I ended up in Huntsville, Texas, end of the line for Karla Faye Tucker and many others. The woman at the Holiday Inn gives me a guide to the town’s incarceral amenities. I drive round the prison, which once housed John Wesley Hardin (allegedly slayer of 44, pardoned and ultimately a lawyer in El Paso) and end up in the Prison Museum behind the Court House. Here I view Old Sparky, a fine specimen of the joiner’s art put together by a convict himself convicted of murder and sentenced to die in 1914, though later spared and ultimately released.
Old Sparky, also known as the Texas Thunderbolt, was the final seat of 361 men and women between 1924 and 1964. A helpful note advises that the executioner would throw a switch and put 2000 volts, producing 8 to 10 amps, through his victim, thus rendering the condemned person unconscious “almost immediately”. After three to four seconds the executioner would ease off the current to 500 to 1000 volts for one minute, maintaining paralysis of the brain and other vital organs but preventing the body from bursting into flames.
That explains why at least one execution in the Florida death house a couple of years back was marred by flames enveloping the dead man’s head. The old craft skills have died out. Young executioners these days just don’t care.
Aside from George W. Bush’s statement refusing to commute Karla Faye’s death sentence, along with her lawyer’s plea for life, there’s a peremptory note in the Huntsville museum about his last meal from one condemned man, J. Morrow Jr: “”1 small steak (tender, no bone, no fat, cooked rare-medium).” After listing other items, including three bananas and a pint of chocolate ice cream, Morrow notes, “This is my last meal, and damn it, I want it served hot on however many plates and bowls it takes from mixing it up together.”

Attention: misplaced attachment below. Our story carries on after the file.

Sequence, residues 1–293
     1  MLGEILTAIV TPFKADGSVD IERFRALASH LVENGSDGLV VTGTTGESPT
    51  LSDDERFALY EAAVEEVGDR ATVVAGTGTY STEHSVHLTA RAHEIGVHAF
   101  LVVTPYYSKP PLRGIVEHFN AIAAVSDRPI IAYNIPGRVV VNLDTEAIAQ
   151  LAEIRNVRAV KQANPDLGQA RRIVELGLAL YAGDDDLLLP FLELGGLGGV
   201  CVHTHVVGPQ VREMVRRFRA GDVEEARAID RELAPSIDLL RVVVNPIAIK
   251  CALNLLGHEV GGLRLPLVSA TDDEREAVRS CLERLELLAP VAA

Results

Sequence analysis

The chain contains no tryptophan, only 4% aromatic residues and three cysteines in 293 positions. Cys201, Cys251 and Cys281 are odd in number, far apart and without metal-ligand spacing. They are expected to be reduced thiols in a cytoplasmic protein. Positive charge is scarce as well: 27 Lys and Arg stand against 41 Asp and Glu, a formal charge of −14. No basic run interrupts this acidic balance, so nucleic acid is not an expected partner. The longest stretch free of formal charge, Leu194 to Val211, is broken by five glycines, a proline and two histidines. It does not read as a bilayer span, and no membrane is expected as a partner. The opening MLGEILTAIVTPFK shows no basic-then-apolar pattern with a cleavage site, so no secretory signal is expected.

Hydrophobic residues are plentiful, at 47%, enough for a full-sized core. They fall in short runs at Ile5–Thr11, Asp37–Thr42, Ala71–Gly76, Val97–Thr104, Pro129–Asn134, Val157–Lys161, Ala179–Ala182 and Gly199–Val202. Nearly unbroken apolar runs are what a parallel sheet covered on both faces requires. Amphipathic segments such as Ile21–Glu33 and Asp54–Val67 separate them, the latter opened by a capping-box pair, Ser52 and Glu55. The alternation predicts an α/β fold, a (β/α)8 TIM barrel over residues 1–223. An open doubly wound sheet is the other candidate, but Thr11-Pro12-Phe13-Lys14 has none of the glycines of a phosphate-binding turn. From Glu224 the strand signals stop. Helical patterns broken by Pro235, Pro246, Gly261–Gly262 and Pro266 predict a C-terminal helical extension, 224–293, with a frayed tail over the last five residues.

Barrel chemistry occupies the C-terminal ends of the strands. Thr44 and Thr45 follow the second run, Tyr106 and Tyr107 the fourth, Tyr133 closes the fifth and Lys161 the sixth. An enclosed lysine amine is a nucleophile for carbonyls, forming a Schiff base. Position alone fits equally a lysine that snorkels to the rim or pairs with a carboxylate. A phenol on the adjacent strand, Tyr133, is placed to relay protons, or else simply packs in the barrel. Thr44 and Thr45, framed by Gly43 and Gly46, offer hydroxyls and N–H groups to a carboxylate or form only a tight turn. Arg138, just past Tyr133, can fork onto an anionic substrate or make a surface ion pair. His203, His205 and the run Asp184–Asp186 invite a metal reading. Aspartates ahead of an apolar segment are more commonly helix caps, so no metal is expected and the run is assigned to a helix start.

I buy a couple of the museum’s choice postcards which feature Texas’ forward looking approach down the years: a man hanging from a tree, Old Sparky and the stretcher bed on which the condemned in Texas these days get their terminal doses of sodium thiopental, pancuronium bromide and potassium chloride, sometimes in mistaken amounts that leave them paralysed and in atrocious agony. On Texas’ death row, 454 inmates currently await the needle.
From the museum I go in search of one of Huntsville’s better known inmates, Huddie Ledbetter, aka Leadbelly. It’s billed as being on the front of a commercial building on the 2100 block of Sam Houston Avenue, but seems to have made way for a fast food joint. I eat a really bad barbecue plate, confirming all Dave Vest’s direst predictions, and head west.